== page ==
Then Kevin lowered his head. Greg seized the moment. He dragged his own trunk on the ground and stamped purposefully forward, lunging at Kevin until the lesser bull was finally able to maneuver behind a concrete bunker we use for ground-level observations.

Feet stamping in a sideways dance, thrusting their jaws out at each other, the two bulls faced each other across the bunker. Greg tossed his trunk across the nine-foot divide in what appeared to be frustration. At last he was able to break the standoff, catching Kevin in a sideways attack and getting him out in the open.

Kevin retreated a few paces, then turned and walked out of the clearing, defeated.

I was blown away by what I had just witnessed. A high-ranking bull in musth was supposed to be invincible. Were the rules of musth different for bulls that have spent most of their time in a close social group? Kevin hadn’t frightened Greg; if anything, Kevin’s musth appeared to fuel Greg’s aggression. Greg, I realized, would simply not tolerate a usurpation of his power.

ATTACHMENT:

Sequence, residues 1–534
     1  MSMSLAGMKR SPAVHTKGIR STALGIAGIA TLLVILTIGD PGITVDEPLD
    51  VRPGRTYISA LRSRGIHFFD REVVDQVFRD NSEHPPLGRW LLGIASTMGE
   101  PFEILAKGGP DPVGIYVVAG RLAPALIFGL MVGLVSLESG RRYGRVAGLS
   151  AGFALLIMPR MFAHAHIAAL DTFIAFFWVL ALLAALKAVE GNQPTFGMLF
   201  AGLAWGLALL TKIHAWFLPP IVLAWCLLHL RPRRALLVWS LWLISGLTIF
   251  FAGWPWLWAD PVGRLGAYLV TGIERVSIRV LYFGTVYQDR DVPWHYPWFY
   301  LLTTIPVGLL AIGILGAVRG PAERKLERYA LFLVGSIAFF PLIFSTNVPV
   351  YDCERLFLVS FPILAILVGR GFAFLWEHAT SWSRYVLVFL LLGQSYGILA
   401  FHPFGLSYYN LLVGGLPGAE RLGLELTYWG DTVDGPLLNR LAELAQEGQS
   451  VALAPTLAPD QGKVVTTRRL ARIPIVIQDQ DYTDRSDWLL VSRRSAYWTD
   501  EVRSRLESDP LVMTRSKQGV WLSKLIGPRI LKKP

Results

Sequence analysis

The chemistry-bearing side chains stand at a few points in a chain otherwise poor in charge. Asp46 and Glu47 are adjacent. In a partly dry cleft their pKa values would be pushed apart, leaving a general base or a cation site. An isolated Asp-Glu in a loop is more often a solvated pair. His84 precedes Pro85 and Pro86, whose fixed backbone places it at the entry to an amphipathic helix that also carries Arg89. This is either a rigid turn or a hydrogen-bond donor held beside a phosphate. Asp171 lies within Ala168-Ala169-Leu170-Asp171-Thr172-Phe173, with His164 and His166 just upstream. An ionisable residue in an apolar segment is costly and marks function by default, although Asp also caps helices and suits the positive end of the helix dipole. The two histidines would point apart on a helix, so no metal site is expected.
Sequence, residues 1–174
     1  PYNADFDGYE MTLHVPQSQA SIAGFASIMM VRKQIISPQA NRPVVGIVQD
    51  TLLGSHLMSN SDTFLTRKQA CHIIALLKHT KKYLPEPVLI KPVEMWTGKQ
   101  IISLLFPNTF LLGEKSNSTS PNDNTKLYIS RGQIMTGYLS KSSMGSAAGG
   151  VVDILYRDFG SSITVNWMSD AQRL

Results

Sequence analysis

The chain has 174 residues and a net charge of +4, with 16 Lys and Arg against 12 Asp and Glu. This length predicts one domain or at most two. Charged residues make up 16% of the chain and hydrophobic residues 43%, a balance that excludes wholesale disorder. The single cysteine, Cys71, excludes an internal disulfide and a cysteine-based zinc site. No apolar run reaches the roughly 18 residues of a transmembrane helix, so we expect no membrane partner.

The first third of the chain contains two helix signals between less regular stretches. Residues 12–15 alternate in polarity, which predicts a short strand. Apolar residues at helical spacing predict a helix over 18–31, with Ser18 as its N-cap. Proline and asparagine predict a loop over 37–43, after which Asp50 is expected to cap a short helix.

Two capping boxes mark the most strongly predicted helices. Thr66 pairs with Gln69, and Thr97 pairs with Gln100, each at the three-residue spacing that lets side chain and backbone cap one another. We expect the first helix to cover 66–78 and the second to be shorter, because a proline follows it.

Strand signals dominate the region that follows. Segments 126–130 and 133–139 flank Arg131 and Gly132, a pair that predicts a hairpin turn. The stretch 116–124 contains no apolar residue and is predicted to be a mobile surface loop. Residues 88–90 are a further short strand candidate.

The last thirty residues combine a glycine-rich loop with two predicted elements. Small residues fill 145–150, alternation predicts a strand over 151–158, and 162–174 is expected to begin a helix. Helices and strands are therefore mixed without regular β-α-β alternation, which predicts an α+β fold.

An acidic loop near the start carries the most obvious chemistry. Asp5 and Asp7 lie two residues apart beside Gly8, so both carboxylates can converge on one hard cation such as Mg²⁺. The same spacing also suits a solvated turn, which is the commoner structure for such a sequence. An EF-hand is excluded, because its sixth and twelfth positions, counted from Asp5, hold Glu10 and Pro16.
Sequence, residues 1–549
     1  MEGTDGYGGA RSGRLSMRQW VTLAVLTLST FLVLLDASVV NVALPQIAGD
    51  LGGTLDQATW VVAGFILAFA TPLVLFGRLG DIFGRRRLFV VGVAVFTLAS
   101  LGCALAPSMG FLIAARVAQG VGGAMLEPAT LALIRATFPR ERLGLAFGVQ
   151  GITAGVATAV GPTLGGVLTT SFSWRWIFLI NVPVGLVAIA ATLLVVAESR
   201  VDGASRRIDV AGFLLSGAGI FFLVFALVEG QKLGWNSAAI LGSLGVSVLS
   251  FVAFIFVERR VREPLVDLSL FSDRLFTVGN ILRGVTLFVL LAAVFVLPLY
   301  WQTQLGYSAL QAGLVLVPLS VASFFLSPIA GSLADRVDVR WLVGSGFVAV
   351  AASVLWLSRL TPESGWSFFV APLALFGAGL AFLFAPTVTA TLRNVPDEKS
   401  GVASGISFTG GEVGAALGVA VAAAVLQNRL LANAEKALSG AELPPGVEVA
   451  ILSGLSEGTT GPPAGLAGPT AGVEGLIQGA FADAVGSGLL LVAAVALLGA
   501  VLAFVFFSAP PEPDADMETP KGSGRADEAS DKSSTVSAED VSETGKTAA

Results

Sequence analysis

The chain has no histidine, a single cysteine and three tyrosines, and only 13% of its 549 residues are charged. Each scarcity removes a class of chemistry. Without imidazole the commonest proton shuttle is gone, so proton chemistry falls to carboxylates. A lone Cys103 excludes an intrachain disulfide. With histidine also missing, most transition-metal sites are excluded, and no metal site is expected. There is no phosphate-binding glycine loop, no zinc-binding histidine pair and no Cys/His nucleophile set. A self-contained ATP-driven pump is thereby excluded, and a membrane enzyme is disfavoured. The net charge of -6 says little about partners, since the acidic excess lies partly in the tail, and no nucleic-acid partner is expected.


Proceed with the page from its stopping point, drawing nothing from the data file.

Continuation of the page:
My mind raced over the possible explanations. Had Etosha’s arid environment created a different social atmosphere than Amboseli’s, where similar conflicts had had the opposite outcome? Perhaps water scarcity influenced social structure—even the dynamics of musth.

Could it be that the don had an influence over the other males’ hormones? This phenomenon is well documented in the primate world. And in two instances in South Africa, when older bulls had been reintroduced to a territory, younger bulls had then cycled out of musth. Did a bull have to leave his group to go into musth? This episode with Kevin made me think that just might be the case. And that would explain why musth bulls are usually alone while they search for females.

When the dust settled, some of the lower-ranking bulls still seemed agitated. The boys’ club never really returned to normal for the rest of the day.

In the early afternoon, Greg determined it was time to leave. He set the trajectory, leaning forward and laying his trunk on the ground—as if gathering information to inform his decision. He remained frozen in that position for more than a minute before pointing his body in a new direction.